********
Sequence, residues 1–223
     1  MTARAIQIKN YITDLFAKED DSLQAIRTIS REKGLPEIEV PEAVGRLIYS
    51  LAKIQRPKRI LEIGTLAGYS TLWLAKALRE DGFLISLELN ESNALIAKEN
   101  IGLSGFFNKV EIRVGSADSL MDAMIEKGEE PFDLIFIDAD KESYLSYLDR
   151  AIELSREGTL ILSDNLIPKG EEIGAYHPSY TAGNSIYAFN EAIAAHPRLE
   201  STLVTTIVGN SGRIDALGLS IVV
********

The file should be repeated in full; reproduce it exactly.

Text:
Sequence, residues 1–223
     1  MTARAIQIKN YITDLFAKED DSLQAIRTIS REKGLPEIEV PEAVGRLIYS
    51  LAKIQRPKRI LEIGTLAGYS TLWLAKALRE DGFLISLELN ESNALIAKEN
   101  IGLSGFFNKV EIRVGSADSL MDAMIEKGEE PFDLIFIDAD KESYLSYLDR
   151  AIELSREGTL ILSDNLIPKG EEIGAYHPSY TAGNSIYAFN EAIAAHPRLE
   201  STLVTTIVGN SGRIDALGLS IVV